Govt Eases Some Restrictions on Bagan Locals Skip to main content

Govt Eases Some Restrictions on Bagan Locals

15 December 2017

YANGON—The government has eased some restrictions on locals living within the heritage monument zone around the Bagan archaeological site, while maintaining its plan to seek a Unesco World Heritage listing for the site.

In late November, locals from five villages petitioned the Ministry of Religious Affairs and Culture demanding their villages be demarcated within a buffer zone instead of the current monument zone, which is also known as the “property zone.” Locals have expressed concern that the many restrictions expected to be imposed on their villages in order to comply with Unesco’s standards for World Heritage Site listing would hurt their livelihoods and businesses.

The villages have existed in this area for generations and locals living there are known as “Bagan natives.”

The temples of Bagan, dating from between the 9th and 13th centuries—when the Kingdom of Bagan ruled over much of lowland Burma—are considered Myanmar’s biggest tourist draw and on par with Cambodia’s Angkor Wat. Despite its historical, archaeological and cultural value, the ancient capital has yet to be granted World Heritage Site status, reportedly due to officials’ inability to present plans to deal with inauthentic restorations and controversial hotel developments in the archaeological site completed under previous governments.

The ministry submitted a draft nomination dossier to Unesco’s World Heritage Site Committee in September and the final version is required to be delivered by Feb. 1, 2018. It has to provide thorough plans to fix previous mismanagement issues, including a master plan for the archaeological site in the dossier.

“Regarding the locals’ petition, the [ministry] will negotiate and make amendments giving serious consideration to locals’ concerns,” the ministry said in a statement Tuesday. It emphasized that the ancient villages would remain within the property zone since ancient temples surrounding the villages have high heritage value and need to be conserved.

The ministry stated that traditional businesses, expansion and construction of locals’ houses, and tourism businesses such as restaurants and homestays in the villages would be allowed. It also said that buildings in the villages would be permitted according to the same regulations as in the new Bagan and Nyaung-U cities.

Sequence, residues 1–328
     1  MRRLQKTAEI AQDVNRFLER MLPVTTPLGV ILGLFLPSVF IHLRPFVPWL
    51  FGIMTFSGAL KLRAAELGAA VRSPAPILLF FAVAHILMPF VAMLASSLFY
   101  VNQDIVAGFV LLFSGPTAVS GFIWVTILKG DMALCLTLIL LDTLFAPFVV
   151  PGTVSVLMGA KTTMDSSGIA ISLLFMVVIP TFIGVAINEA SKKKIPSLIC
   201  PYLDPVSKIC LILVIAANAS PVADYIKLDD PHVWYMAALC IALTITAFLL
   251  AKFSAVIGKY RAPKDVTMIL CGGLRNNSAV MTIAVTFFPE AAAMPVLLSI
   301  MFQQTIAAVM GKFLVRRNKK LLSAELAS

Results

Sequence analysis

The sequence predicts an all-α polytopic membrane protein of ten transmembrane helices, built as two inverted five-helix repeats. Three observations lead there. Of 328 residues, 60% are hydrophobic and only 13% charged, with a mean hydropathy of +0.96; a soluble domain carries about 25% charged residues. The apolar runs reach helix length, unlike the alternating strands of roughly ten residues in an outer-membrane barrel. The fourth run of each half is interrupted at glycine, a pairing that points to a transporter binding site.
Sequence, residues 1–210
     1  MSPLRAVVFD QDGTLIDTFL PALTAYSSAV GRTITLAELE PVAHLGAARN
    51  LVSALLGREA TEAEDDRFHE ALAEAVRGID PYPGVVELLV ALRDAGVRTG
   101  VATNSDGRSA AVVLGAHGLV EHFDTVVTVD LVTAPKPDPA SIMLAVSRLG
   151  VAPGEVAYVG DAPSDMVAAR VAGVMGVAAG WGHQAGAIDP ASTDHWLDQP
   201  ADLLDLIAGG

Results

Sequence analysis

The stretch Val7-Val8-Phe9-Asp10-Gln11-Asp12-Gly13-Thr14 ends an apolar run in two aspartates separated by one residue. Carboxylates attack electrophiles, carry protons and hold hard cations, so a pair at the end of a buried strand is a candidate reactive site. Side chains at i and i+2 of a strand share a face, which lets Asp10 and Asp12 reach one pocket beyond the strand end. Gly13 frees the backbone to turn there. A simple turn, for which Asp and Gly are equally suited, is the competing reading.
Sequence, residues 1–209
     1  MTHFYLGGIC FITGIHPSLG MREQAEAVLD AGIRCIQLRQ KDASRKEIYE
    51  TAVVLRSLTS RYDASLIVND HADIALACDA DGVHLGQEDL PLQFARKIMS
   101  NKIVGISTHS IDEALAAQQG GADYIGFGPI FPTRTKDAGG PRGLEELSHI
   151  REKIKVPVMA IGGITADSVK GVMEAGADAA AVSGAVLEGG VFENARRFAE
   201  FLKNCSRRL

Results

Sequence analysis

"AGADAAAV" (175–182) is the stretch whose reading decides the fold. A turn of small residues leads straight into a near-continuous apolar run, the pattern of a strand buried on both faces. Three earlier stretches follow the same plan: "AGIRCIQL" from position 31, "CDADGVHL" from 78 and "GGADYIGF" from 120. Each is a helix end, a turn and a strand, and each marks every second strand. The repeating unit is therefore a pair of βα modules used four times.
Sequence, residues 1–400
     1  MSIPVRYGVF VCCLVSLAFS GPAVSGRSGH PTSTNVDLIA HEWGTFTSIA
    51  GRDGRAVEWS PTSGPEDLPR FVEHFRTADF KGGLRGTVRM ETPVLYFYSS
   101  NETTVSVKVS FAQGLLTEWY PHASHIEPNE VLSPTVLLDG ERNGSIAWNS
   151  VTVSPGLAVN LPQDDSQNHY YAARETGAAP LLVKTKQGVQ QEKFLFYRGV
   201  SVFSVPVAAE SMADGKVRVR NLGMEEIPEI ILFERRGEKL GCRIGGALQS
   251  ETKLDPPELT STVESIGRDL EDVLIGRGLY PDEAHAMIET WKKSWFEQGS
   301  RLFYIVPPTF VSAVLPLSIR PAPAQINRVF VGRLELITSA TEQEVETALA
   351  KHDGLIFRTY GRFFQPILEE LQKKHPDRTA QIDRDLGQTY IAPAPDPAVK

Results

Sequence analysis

Construction and installation of telecommunications towers and satellite dishes would be allowed in accordance with the Heritage Impact Assessment if such infrastructure does not hinder the view of the heritage monuments, it added.

U Aung Aung Kyaw, director of the ministry’s Department of Archaeology, National Museum and Library in Bagan, told The Irrawaddy that collaboration between locals and authorities is an essential element in the process of listing Bagan as a Unesco World Heritage site, adding that the ministry would not sacrifice the interests of local residents in order to achieve heritage status.

“I don’t believe this will harm locals’ livelihoods. We have taken employment opportunities for them into consideration,” U Aung Aung Kyaw said.

He also expressed concern that business people and hotel developers were encouraging local opposition in order to further their own plans for development projects within the archaeological site.

U Aung Soe Linn, administrator of Myin Ka Bar, one of the five villages that petitioned the ministry, rejected this claim.

“There are no cronies behind us,” he told The Irrawaddy, insisting that local residents were just trying to protect their own interests.

He explained that villagers’ lifestyles and livelihoods would be affected over time. They are particularly concerned about restrictions inside the property zone and an increase in the number of people living in the area.

In the 1990s, one of the then-ruling military junta’s most powerful leaders, Gen Khin Nyunt, oversaw the forced relocation of about 6,000 local residents of the old Bagan area away from the archaeological zone to make way for hotel projects. Local people are concerned that something similar will happen again, according to several Bagan residents The Irrawaddy talked to this week.

Unesco’s national project officer for Myanmar Ma Ohnmar Myo was not available to comment for this article. However, she told The Irrawaddy in late November that sustainable conservation of the Bagan archaeological site is not only about ancient temples and monuments, but also about the livelihoods of the local community.

Authorities have to make sure that heritage properties are preserved while at the same time protecting the interests of local communities, she said.


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